So Here is our final HTML Template, and our final PS code to send the email. Just in case you haven’t had your second cup of coffee today, you want to replace all of my legitimate and absolutely non-fictitious email server settings with your own, equally-legitimate settings.

$PathToHTMLTemplate = C:\\Kitchen\\Fridge\\EmailTemplate.txt
$EmailContent = Get-Content $PathToHTMLTemplate | Out-String

$Adapters_HTML = Get-NetAdapter | select Name, MacAddress, MediaConnectionState | ConvertTo-HTML -Fragment
$Adapters_HTML = $Adapters_HTML.Replace('<table>','<table id="t01">')

$Section1Head = 'Update'
$Section1Body = "It's dinner time amico! We've also been trying to reach you about your extended vehicle warranty. This email is extremely coherent and I'm not one to pettinare le bambole."
$Section2Head = 'Network Info'
$Section2Body = 'Below is the network adapter info you asked for:' + $Adapters_HTML
$YourTeam = 'Team Saucy'

$EmailContent = $EmailContent.Replace('$Section1Head',$Section1Head)
$EmailContent = $EmailContent.Replace('$Section1Body',$Section1Body)
$EmailContent = $EmailContent.Replace('$Section2Head',$Section2Head)
$EmailContent = $EmailContent.Replace('$Section2Body',$Section2Body)
$EmailContent = $EmailContent.Replace('$YourTeam',$YourTeam)

Send-MailMessage -To 'ChefBoyardee@food.edu' -From 'Ravi@food.edu' -Subject 'Dinner Time!' -Body $EmailContent -SmtpServer server1.food.edu -Port 25
<!DOCTYPE html>
<html lang="en" xmlns="http://www.w3.org/1999/xhtml" xmlns:o="urn:schemas-microsoft-com:office:office">
<head>
     <meta charset="UTF-8">
     <meta name="viewport" content="width=device-width,initial-scale=1">
     <meta name="x-apple-disable-message-reformatting">
     <title></title>
     <!--[if mso]>
     <noscript>
          <xml>
               <o:OfficeDocumentSettings>
                    <o:PixelsPerInch>96</o:PixelsPerInch>
               </o:OfficeDocumentSettings>
          </xml>
     </noscript>
     <![endif]-->
     <style>
          table, td, div, h1, p {font-family: Roboto, sans-serif;}
          h1 {color: #04afd3}
          table#t01{
               border-collapse: collapse;
               border-width: 1px;
               border-color: black;
               border-style: solid;
          }
          table#t01 th{
               color: white;
               background-color: #04afd3;
               padding: 3px;
               border-width: 1px;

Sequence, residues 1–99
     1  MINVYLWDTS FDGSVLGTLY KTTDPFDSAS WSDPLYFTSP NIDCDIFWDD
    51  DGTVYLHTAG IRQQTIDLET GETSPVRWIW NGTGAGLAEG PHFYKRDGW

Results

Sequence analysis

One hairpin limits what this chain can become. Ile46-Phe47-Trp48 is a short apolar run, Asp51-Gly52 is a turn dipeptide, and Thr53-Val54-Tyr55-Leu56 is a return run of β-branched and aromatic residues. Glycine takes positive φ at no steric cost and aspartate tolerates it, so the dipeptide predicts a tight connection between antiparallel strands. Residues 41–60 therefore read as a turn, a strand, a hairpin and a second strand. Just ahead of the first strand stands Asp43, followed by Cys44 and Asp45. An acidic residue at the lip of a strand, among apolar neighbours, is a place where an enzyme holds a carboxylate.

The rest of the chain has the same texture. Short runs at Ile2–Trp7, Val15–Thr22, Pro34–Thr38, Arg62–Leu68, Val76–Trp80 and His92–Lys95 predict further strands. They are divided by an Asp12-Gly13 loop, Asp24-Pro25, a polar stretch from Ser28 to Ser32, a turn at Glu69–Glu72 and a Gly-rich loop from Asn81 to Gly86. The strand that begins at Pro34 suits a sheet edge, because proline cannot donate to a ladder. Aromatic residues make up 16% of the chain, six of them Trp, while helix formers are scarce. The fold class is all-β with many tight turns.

border-color: black;
               border-style: solid;
          }
          table#t01 td{
               border-width: 1px;
               border-color: black;
               border-style: solid;
          }
     </style>
</head>
<body style="margin:0;padding:0;">
     <table role="presentation" style="width:100%;border-collapse:collapse;border:0;border-spacing:0;background:#ffffff;">
          <tr>
               <td align="center" style="padding:0;">
                    <table role="presentation" style="width:602px;border-collapse:collapse;border-spacing:0;text-align:left;">
                         <tr>
                              <td align="center" style="padding:30px 0;background:#04afd3;">
                                   <img src="https://pngimg.com/uploads/server/server_PNG59.png" alt="" width="300" style="height:auto;display:block;" />
                              </td>
                         </tr>
                         <tr>
                              <td style="padding:30px 10px;background:#FFFFFF;">
                                   <h1>$Section1Head</h1>
                                   <p>$Section1Body</p>
                              </td>
                         </tr>
                         <tr>
                              <td style="padding:30px 10px;background:#FBFBFB;">
                                   <h1>$Section2Head</h1>
                                   <p>$Section2Body</p>
                              </td>
                         </tr>
                         <tr>
                              <td align="center" style="padding:30px 10px;background:#04afd3;">
                                   <p style="color:#FFFFFF">Magic by $YourTeam</p>
                              </td>
                         </tr>
                    </table>
               </td>
          </tr>
     </table>
</body>
</html>

Let’s put on our mittens and pull our creation out of the oven and stare at it for awhile!

Spicy HTML Email 3 - Final Visual

\\\The Final, FINAL Ingredient

If you started crying at just how spicy this email is, you’re not alone. We’re technically done here…but there’s one last finishing touch that will literally turn our dish into a work of art and earn us the title of Iron [Email] Chef…and that’s coloring every other row in our table. Look for an extra bonus post where we’ll build a function to easily take a table and convert it to HTML with all of our styling needs baked in. Ciao ciao!